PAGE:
0 comments on “SoundPad”

SoundPad

This application ranks in my top 5 for palm creativity. It has got to be one of the most unusal and ambitious uses for a palm handheld device.

SoundPad is an FM Synthesiser for a palm OS PDA. It allows you to create FM synthesised sounds which can then be used be other applications (NotePad and BeatPad initially).

This follows the software synthesis model of having an application which works as a sequencer / or host and other applications which work with the sequencer to provide sounds.

SoundPad runs in under 100k. It allows to create banks of sounds which you can then populate. The first screen is a bit of an admin screen really, giving you bank functions and allocating instruments to slots in the bank.

The second screen is the real eye opener. This screen is where you manipulate waveforms and their envelopes to allow you to create sounds. Each sound can be made up of up to four oscilators. Each oscillator can be set to noise if you choose.

Each wave has an ADSR Envelope. This can be manipulated using the superb interface.

Once you’ve made your sound other applications can access it, such as NotePad or BeatPad.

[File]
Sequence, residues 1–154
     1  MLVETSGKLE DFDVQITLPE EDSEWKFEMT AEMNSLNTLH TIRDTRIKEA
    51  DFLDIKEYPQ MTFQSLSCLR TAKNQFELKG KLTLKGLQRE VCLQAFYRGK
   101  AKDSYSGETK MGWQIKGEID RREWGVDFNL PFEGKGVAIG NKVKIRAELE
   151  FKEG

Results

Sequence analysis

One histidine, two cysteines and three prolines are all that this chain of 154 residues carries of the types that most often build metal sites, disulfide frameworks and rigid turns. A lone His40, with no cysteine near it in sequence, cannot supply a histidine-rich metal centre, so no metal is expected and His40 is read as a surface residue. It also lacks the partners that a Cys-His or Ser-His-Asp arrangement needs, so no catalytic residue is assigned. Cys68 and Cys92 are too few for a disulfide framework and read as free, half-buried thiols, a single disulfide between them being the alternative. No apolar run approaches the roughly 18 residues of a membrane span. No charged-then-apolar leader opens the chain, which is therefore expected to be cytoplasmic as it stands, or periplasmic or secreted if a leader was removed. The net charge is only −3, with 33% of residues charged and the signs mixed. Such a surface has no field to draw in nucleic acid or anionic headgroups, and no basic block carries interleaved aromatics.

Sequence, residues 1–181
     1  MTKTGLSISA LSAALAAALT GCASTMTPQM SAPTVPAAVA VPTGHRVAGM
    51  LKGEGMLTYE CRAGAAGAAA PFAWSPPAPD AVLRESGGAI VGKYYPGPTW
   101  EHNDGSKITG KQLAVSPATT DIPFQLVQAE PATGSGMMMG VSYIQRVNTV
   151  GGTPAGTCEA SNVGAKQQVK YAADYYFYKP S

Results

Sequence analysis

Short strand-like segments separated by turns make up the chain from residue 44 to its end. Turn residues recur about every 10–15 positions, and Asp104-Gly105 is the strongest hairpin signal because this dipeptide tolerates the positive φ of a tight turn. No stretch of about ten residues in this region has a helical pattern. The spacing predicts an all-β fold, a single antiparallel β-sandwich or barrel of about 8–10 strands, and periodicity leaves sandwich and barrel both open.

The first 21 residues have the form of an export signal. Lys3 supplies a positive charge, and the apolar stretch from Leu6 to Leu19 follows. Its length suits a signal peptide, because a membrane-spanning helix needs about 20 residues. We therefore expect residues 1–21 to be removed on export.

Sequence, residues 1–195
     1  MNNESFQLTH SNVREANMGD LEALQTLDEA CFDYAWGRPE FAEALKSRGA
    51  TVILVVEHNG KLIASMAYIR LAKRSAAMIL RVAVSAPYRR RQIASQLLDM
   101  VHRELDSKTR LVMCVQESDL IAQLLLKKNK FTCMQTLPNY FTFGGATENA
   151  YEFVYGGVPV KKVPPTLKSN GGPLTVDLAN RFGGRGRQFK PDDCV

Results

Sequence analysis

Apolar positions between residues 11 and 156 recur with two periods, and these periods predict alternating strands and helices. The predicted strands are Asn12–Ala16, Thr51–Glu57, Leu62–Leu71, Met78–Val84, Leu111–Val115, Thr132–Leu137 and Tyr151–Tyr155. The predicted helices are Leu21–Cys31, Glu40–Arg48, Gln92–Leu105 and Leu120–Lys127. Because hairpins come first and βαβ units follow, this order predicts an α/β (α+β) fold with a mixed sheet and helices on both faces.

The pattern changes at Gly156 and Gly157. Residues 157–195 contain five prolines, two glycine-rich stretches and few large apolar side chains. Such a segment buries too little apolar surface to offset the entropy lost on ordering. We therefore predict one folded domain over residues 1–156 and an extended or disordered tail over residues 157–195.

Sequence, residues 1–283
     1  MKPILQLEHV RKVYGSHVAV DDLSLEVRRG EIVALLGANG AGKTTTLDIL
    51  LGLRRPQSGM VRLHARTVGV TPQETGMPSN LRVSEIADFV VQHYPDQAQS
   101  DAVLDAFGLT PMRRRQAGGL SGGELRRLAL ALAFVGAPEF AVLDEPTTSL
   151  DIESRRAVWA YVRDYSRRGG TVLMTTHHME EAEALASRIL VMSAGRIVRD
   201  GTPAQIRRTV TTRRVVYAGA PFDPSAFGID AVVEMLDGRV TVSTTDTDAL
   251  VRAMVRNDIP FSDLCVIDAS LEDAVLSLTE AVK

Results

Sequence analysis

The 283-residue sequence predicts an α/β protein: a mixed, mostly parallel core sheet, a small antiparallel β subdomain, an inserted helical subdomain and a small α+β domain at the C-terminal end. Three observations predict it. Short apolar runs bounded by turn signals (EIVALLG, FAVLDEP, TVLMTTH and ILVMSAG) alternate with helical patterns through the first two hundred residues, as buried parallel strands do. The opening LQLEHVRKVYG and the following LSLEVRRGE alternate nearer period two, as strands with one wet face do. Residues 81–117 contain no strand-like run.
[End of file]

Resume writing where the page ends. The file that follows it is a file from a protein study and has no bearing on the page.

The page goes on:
0 comments on “NotePad 1.4”

NotePad 1.4

NotePad 1.4 is due to come out next week. Fantastic …

0 comments on “MiniMusic NotePad 1.4 coming soon”

MiniMusic NotePad 1.4 coming soon

The chaps over at MiniMusic are cooking up another update to their excellent NotePad application. The new version includes:

– Scrolling Playback – Music will now scroll with playback.
– Page View – tap on new page icon or write/type the letter “z” to “zoom out” to a page view showing twenty measures of the song. The current measure is highlighted. Tap on a measure to zoom in on that bar (see lower screen shot to the left).

– Tempo Changes – Use the Change menu to set tempo changes anywhere in a song. Select a note and choose “Tempo Change” to change the tempo when that note is played. Select the same note and use the “Clear Change” menu item to remove a temo change (a change to 122bpm is shown in the top screenshot to the left).

– Instrument Change – Use the Change menu to set instrument changes anywhere in a song. Select a note and choose “Instrument Change” to change the instrument that will be used for this note and all following notes in this voice. Select the same note and use the “Clear Change” menu item to remove a temo change (a change to “Reed Organ” is shown in voice 4 in the top screenshot to the left).

– Keyboard support – Consult the graphic below to see the functions you can access from the keyboard or by using Graffiti hand writing. You can now exit the song, add rests, or change duration tools from the keyboard or Graffiti.

– Follow note entry – Song will scroll to keep up with notes being entered on the piano, entered using graffiti or entered on a keyboard (like the on Treo).

– Card Launch – NotePad can now be installed on a memory card (like an SD card in most current models). Both NotePad and its database (mMusicDB.pdb) should be installed into the “/Palm/Launcher” directory on the card (this is the default for all applications).

– Grid Screen Fix – No longer fills measures with rests; only adds needed rests as you draw.